Hope and inspiration.


I’m feeling good today. Inspired even. I’ve got a Boulevards Alive meeting tomorrow night, and I’ve been thinking about local community organizing all day. As depressing as Eaarth starts out, I’m just getting to the end and McKibben’s prescription for the future is as hopeful as any I’ve come across: small scale farming, close-knit communities, sane use of technology, an end to energy dependence.

And I’m thinking also about how I broke my writer’s block this morning, after several days of frustration in front of the screen typing the beginnings of various things only to discard them one by one. I decided to come look at my blog and draw something from the past to edit-up… but instead I caught on the 100 things I live for (up above, in the tab) and chose one of those to write a poem about instead (“rescued flowers from a dumpster”). This exercise not only gave me an image and some words to work with, but I felt good recounting where that came from and so nice agitated that now I want to write the other 99 thoughts into verse.

Remarkable isn’t it? The happier, the more hopeful I am, the more productive. Which sortof runs counter to all the subculture I’ve come out of. The outsider culture, the place that said “I’m going to be happy to spite everything!” but never quite made it there, the anger response trained into me. Hard habits to break, but essential to avoiding burnout. Anger and alienation may be a part of where I come from as an activist, but increasingly over the years they have been less and less a motivating factor for me. These days, I gotta admit, I practically leave the room at the first sign of them in political organizing meetings because they feel like such counterproductive states to be making change from.

Many years ago I adopted this Raymond Williams quote as my email signature line: “To be truly radical is to make hope possible rather than despair convincing” and I still invoke that saying a lot. Perhaps now more than ever because it is so easy to get caught up in the bleakness of a world balanced on an ecological precipice, the landscape burning while world financiers fiddle with our very last chances. I mean, if you want to be depressed and angry – there is certainly a whole lot to be depressed and angry about! But if I stay there too long, I can’t believe there is any possibility of making change so why bother? Why not just indulge myself in tropical holidays and plastic gadgets and forget all the hard work of meetings and organizing and trying to make a little change here and there? Without a little hope, and happiness, and joy and dancing and good giggly neighbours and amazing moments of beauty and cuddling with my sweety…. well there wouldn’t be any point would there? It’s really all that good stuff that makes me excited about extending the health of the planet, that gets me moving on the streets for workers rights….. That I believe not only we *can* make change, but it can be uplifting to do so.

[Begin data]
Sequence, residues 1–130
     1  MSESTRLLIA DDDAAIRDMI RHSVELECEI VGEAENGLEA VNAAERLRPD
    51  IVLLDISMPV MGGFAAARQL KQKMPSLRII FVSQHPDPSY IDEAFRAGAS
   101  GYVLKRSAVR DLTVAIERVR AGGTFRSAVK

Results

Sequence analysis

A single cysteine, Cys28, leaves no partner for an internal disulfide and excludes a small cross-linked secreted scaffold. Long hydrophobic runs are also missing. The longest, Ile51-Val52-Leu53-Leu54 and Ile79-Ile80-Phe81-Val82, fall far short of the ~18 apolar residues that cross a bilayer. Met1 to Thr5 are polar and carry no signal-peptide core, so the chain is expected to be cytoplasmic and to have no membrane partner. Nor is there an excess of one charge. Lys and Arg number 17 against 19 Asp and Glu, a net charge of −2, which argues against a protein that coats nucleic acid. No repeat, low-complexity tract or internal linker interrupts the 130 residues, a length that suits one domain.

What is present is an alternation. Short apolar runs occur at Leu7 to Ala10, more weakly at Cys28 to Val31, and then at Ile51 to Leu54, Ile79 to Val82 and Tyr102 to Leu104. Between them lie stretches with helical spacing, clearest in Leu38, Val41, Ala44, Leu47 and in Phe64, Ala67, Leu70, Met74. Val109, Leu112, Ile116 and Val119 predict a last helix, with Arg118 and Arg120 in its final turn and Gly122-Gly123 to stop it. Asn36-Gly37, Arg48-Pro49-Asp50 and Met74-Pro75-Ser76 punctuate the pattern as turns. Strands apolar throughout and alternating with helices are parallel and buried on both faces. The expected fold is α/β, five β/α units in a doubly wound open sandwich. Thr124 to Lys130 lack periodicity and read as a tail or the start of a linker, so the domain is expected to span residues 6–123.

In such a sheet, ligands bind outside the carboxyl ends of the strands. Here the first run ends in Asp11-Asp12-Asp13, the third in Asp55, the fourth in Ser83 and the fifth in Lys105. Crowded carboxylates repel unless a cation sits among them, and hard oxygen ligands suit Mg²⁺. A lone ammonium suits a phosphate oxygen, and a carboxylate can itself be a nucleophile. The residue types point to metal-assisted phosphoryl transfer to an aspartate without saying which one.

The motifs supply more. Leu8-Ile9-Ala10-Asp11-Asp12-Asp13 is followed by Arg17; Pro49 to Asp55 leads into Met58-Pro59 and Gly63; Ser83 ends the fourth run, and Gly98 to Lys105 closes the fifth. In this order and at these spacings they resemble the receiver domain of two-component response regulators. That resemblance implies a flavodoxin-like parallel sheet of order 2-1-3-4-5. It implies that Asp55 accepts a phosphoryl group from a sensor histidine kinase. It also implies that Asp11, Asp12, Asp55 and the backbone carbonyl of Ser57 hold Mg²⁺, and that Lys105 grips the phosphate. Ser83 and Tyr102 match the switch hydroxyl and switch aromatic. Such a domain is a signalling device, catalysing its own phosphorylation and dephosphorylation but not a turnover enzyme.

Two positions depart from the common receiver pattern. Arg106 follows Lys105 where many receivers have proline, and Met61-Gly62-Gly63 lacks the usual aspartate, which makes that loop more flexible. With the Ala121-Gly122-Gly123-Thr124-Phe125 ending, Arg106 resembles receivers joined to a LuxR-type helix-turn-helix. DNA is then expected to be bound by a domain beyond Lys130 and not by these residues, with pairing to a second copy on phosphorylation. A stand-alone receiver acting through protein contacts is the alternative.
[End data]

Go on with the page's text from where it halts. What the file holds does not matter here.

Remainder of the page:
I guess I’m thinking of all this because in the wake of the G/20 we’re back at finger-pointing and name-calling and the notion that if 100 people can’t smash things it’s not a serious demo… and wow is that ever tiring. And not inspiring. 20,000 people in the street? That’s amazing. Several hundred of those people breaking off to challenge the police securifying the G/20 leaders? Yeah, totally go for it! 150 boys smashing store windows and jumping up and down on cop cars?….. Meh. And the infighting afterwards is a total bummer.

The older I get, the more entrenched my belief in the need for change becomes, but the weaker my resolve in making it. Mostly because of my scars, and my aches. My lost comrades and the dark places I’ve been. They wear on you after awhile – and it takes a lot of communal dinners, drinks with friends, gardens, music, art, and love to make that energy to keep going up. So much so, I don’t want to give any of it away to infighting. I don’t want to give it away for someone else’s pain.

Leave a Reply

Fill in your details below or click an icon to log in:

WordPress.com Logo

You are commenting using your WordPress.com account. Log Out /  Change )

Twitter picture

You are commenting using your Twitter account. Log Out /  Change )

Facebook photo

You are commenting using your Facebook account. Log Out /  Change )

Connecting to %s

%d bloggers like this: